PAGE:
Co-design has gained attention as a good way to increase accessibility and useability. However, there is another way to tackle the issues – interprofessional learning and teaching. When occupational therapy meets industrial design in the classroom the end result is a great learning experience for all.
Bringing designers to a better understanding of disability and accessibility remains a vexed issue. Many and varied attempts at teaching and learning have made some improvements. Some interdisciplinary work has also shown promise and perhaps it is worth building on this model. So this is what they tried at Thomas Jefferson University.
A group of occupational therapy doctoral students were embedded in a masters industrial design course. The doctoral students delivered lectures and learning activities for the masters students. Over the eight months there was time for students to share knowledge more informally. Occupational therapy students were also able to provide insights for student design projects.
The knowledge and insights gained by the masters students was nuanced and best measured qualitatively using mixed methods. They had originally hoped to quantify the knowledge gained. But perhaps this kind of learning is best measured by the accessibility of future designs.
The purpose, methods and outcomes are reported in an article published in the ‘Journal of Accessibility and Design for All’. The article is titled, Insights from an inaugural eight-month interprofessional collaborative co-design educational experience between occupational therapy and industrial design. The discussion and conclusion section is worth a read.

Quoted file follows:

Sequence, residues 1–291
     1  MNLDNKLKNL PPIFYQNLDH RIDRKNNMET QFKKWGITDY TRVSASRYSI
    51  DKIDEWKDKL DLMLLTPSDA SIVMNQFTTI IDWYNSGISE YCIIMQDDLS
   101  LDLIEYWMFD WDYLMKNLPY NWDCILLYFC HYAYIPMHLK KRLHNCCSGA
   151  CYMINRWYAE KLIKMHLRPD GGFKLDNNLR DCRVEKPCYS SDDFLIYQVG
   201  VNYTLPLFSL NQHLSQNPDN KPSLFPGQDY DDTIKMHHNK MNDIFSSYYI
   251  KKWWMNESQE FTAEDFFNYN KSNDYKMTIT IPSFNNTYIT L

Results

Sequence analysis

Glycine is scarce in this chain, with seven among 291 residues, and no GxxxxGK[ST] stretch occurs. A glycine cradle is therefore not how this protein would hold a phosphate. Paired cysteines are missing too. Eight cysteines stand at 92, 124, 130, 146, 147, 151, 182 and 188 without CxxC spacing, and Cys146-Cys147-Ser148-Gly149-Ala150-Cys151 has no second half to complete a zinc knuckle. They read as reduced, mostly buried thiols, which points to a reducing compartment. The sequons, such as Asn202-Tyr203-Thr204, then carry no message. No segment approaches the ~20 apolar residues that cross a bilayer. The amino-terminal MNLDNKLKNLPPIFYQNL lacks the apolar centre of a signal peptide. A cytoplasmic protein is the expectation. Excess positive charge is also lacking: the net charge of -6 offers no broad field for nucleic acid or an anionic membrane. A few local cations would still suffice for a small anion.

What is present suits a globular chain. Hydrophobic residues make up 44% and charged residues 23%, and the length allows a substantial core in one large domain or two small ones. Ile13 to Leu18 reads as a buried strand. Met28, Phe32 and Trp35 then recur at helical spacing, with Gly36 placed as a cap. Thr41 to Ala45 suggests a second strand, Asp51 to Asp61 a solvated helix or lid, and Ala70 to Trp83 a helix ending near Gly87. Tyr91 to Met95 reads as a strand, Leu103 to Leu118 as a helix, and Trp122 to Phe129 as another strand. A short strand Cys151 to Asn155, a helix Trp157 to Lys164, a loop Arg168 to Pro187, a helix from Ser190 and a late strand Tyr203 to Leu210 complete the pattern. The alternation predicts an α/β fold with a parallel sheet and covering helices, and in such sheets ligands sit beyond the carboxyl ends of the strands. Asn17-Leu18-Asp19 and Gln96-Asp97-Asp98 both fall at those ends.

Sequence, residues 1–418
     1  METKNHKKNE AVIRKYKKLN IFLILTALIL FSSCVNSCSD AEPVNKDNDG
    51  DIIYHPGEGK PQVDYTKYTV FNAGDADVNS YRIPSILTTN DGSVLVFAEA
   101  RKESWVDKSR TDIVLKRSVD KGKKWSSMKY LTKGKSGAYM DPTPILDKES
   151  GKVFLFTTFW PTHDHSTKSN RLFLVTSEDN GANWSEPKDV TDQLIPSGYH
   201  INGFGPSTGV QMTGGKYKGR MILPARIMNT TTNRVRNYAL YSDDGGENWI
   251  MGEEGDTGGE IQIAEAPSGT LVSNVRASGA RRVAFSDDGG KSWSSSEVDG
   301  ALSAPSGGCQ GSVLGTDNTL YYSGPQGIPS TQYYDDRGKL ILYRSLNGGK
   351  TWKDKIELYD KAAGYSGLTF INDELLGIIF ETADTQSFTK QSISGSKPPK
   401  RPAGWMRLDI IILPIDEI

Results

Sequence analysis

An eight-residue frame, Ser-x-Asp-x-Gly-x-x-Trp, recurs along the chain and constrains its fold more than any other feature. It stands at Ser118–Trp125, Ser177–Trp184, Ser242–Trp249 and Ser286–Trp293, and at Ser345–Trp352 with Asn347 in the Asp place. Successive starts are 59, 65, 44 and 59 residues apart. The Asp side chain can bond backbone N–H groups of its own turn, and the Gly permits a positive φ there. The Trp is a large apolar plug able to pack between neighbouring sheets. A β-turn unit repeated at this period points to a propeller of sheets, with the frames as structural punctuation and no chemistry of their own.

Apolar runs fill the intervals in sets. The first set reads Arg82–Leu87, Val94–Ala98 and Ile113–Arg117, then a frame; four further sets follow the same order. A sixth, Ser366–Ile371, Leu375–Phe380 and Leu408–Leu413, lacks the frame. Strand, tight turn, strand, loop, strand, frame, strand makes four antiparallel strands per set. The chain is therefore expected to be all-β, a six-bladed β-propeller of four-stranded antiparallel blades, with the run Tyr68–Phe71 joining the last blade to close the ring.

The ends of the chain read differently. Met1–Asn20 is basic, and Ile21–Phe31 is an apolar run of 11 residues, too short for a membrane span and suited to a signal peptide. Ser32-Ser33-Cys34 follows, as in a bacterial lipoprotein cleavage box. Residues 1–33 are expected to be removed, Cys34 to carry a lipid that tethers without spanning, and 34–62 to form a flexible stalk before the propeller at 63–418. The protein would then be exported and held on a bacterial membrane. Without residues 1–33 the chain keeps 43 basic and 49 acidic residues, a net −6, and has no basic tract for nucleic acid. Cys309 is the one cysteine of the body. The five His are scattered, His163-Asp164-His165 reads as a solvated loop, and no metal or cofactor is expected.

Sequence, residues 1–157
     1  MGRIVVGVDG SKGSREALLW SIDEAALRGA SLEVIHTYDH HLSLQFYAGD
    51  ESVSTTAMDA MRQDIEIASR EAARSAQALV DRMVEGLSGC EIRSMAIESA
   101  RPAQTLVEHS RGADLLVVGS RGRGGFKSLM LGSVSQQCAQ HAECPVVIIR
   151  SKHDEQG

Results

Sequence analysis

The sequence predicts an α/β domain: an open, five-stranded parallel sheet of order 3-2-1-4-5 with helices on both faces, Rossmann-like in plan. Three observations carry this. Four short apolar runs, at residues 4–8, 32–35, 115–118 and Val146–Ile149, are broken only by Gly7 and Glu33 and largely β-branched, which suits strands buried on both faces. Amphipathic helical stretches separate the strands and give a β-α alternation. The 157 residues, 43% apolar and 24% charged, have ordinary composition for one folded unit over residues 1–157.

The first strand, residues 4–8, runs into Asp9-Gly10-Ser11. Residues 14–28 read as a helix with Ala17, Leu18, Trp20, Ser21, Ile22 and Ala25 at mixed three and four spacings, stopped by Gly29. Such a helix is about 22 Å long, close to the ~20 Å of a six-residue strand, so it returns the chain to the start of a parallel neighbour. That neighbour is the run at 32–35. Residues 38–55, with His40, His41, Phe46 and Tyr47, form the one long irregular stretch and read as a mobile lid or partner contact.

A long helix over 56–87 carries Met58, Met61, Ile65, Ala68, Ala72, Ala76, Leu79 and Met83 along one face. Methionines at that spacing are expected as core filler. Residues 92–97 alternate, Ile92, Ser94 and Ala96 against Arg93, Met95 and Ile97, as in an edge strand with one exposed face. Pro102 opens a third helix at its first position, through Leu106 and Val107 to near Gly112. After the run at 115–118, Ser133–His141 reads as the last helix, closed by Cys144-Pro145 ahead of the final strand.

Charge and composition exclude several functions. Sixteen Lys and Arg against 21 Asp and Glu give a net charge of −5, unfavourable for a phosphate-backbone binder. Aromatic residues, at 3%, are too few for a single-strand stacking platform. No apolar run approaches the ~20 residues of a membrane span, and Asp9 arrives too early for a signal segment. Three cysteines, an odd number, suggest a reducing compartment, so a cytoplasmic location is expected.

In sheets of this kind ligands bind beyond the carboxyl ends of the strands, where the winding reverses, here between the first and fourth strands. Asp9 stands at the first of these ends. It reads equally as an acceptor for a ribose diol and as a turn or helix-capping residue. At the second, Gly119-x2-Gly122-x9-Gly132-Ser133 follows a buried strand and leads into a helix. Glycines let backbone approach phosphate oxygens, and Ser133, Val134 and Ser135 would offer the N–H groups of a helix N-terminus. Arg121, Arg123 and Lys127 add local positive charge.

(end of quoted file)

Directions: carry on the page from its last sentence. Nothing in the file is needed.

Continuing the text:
The design of the built environment greatly impacts how all types of individuals and populations actively participate in their daily lives. Lack of access in the built environment for disabled populations remains a daily reality, negatively impacting engagement and life satisfaction, leading to isolation, loneliness, and depression. A university in the Northeastern United States sought to expand current constructs of the end-user and environment within a universal design (UD) perspective. On an eight-month inaugural interprofessional collaborative co-design experience, third-year occupational therapy doctoral (OTD) students were embedded in a first-year masters of industrial design (MSID) curriculum, which ran the course of the academic calendar (two consecutive semesters: Fall and Spring).
Primary aims wanted to determine, via an interrupted timeseries quantitative design, if embedding OTD students within the industrial design curriculum influenced the MSID students’ prior assumptions, understanding of disability and enhanced their willingness to create more inclusive final products. Quantitative findings indicated that it was difficult to capture the meaningful change that occurred in the doctoral capstone program experience with the existing psychometric tools available.
Anecdotal mixed-method findings indicated that informal interprofessional learning experiences in the classroom, such as lectures and learning activities created and facilitated by the OTD students and delivered in real-time, broadened and enhanced the MSID students’ knowledge surrounding disability and accessibility in a more nuanced way than the chosen quantitative survey tools were constructed to capture. A detailed literature review and description of the program have been provided, along with suggestions to capture meaningful outcomes for longer-term interdisciplinary collaborations.